In 2017, a federal law called CAATSA or Countering America’s Adversaries Through Sanctions Act was passed “nearly unanimously” (98 to 2) by the US Congress, fearing President Donald Trump, a known admirer of Vladimir Putin, wouldn’t act decisively against Russia for alleged meddling in the 2016 presidential election. True enough, Trump grudgingly signed it into law in a ceremony in the White House, but hastened to add it was “seriously flawed.”
With this in hand, the US last month imposed sanctions on China for going against this sweeping law by acquiring modern fighter jets and missile systems from Russia.
Starting 2017, China has received from Russia, which is reportedly the world’s second largest arms exporter after the US, 10 Sukhoi Su35 combat jets and a state-of-the-art S400 Growler missile defense system, with more to come.
Such sanctions were for the Equipment Development Department, the military unit that handled the purchase and some senior officials, including its head Li Shangfu.
In an irate rejoinder, China fired off an ultimatum for Washington to withdraw the sanctions or “bear the consequences.” While vague, the message was foreboding, a portent of dire things.
But actually, China was merely a collateral damage in this brouhaha as the real target of CAATSA’s choking restrictions is the Russian government for its encroachment in Crimea, participation in the Ukrainian and Syrian conflicts and possible interference in the US electoral process.
Since 2014, the US has slapped a number of sanctions such as asset freezes, travel bans, trade restrictions against some 700 prominent Russian businessmen, individuals and corporations to punish the Putin government for fomenting trouble beyond its borders and on the Internet.
The IMF estimates this curtailment slowed down somewhat Russia’s economic growth as it discouraged entry of foreign investments and denied its access to modern technology.
Ironically, some of the Russian arms export agency Rosoboronexport’s biggest customers like Egypt, Morocco, UAE, Qatar and Turkey are all US allies (and recipients of its foreign aid) which would likewise make them liable with the crippling sanctions specified in CAATSA. And that would cause one huge mess down the line.
Come to think of it, CAATSA poses bleak implications for the Philippines in light of President Duterte’s desire to promote closer ties with countries that do not impose conditions on weapons sales – such as China and Russia.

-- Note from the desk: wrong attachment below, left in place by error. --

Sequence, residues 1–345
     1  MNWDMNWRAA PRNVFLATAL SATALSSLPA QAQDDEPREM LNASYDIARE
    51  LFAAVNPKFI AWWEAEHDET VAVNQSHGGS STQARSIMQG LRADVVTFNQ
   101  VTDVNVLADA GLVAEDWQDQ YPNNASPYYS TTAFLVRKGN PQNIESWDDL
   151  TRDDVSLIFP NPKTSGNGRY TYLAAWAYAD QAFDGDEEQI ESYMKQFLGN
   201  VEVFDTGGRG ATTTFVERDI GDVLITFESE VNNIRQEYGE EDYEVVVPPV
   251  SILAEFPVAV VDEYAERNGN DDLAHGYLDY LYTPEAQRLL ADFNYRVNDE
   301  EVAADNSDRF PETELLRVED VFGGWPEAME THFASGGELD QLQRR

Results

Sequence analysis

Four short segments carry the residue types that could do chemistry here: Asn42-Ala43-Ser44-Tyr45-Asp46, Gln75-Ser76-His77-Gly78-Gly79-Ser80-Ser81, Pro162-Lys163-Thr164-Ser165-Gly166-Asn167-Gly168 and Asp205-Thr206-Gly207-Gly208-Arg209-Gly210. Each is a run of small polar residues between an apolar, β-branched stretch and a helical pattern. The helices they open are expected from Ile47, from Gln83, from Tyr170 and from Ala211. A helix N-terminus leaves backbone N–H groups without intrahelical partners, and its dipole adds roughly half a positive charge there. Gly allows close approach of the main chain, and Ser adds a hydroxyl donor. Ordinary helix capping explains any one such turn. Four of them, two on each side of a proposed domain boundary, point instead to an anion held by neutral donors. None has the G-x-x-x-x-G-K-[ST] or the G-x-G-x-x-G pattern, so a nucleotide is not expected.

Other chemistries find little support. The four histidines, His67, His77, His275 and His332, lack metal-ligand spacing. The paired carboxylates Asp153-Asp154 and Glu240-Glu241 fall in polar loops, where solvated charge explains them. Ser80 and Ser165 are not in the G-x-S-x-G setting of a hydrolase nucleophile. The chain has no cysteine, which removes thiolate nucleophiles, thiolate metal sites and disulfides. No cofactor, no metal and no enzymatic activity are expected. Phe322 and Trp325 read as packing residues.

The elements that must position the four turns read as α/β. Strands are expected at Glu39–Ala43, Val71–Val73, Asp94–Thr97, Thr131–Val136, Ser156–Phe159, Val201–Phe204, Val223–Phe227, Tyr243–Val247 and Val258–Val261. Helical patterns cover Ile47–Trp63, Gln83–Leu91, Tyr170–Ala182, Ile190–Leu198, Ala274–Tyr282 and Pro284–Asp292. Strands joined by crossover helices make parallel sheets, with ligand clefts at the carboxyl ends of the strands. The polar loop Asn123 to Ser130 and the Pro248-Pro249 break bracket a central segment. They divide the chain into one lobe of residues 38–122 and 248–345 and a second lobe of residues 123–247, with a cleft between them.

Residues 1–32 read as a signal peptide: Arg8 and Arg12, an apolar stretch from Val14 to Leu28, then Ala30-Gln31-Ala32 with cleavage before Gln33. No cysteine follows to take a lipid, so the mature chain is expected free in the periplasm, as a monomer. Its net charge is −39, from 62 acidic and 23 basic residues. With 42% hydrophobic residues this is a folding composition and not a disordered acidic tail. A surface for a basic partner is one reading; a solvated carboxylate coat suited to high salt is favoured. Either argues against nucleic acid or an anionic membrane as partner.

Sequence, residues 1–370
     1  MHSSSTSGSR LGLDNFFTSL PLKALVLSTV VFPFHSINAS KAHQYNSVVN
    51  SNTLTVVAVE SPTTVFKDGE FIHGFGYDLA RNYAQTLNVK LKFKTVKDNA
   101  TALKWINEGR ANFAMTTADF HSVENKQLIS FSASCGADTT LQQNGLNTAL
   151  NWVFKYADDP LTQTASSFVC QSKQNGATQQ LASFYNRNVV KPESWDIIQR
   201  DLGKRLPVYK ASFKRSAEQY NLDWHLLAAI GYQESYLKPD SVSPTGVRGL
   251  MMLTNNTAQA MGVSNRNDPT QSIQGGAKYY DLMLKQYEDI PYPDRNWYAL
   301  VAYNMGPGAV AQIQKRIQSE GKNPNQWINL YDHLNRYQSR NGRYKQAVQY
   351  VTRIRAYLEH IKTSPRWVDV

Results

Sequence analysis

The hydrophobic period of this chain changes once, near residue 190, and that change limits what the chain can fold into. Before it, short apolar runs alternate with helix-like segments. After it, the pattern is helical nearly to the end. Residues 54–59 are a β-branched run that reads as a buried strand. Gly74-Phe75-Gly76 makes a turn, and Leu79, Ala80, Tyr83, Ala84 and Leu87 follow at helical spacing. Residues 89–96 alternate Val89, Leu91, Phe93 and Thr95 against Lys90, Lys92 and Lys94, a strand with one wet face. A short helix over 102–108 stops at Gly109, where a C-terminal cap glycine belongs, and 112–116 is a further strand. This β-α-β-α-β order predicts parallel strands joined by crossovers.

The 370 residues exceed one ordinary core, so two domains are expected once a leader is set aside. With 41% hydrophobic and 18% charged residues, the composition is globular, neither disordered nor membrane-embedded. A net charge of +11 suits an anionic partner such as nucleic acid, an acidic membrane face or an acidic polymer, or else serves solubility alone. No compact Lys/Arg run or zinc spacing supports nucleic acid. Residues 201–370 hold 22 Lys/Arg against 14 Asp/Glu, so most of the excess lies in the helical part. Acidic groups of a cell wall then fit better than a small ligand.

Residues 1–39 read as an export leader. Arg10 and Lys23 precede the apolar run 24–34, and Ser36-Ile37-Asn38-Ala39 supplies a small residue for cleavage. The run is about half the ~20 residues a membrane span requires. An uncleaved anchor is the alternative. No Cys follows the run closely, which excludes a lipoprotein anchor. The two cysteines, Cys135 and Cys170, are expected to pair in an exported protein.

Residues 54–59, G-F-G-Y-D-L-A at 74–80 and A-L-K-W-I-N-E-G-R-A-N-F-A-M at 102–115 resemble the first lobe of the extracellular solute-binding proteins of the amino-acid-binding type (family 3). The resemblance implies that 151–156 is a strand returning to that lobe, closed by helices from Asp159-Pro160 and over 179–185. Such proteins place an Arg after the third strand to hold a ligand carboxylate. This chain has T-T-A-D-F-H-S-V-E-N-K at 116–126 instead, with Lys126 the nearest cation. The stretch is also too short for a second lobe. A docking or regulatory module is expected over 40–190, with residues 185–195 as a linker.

In 2016, the President went ballistic after US legislators thumbed down the sale of 26, 000 assault rifles to the AFP and PNP over human rights issues in connection with the government’s relentless campaign against illegal drugs which has claimed the lives of thousands and vowed to turn to other nations that would welcome his country’s business.
Defense Secretary Delfin Lorenzana some weeks ago revealed to reporters his meeting in Washington with some US officials who “politely” reminded him of the adverse repercussions in violating the CAATSA, in light of the fact Manila still has not rescinded its offer to procure Russian arms.
Lorenzana said it was stressed by his hosts that the Philippines would be made to pay a heavy price if the arms deal with Russia is consummated as Rosoboronexport is on the sanctions blacklist, but no specific penalty was mentioned.
It was also suggested that the country rethink its desire to engage in any future dealings with the Russian military to avoid further blurring existing bilateral ties with the US, which has been in existence since 1899 and which has been for countless decades the Philippines’ main source of military hardware and materiel.
Malacañang, however, appears to be unfazed by the CAATSA sanctions in the planned purchase of arms from Russia, with then presidential spokesman Harry Roque branding the move as a “violation of Philippine sovereignty.”
Roque, an international law professor, said this is an excellent example of “transnational legislation” on the part of Washington.
Camp Aguinaldo had reportedly submitted a purchase request in October 2017 for 750 units of rocket-propelled grenades worth about $7.5 million from Rosoboronexport, but it is still awaiting the go-signal from Mr. Duterte.
The Philippines was last year the recipient of 5,000 automatic AK-47 Kalashnikov assault rifles, one million rounds of ammunition, 5,000 steel helmets and 20 trucks as an offshoot of Duterte’s state visit to Moscow. However such gifts aren’t covered by the CAATSA.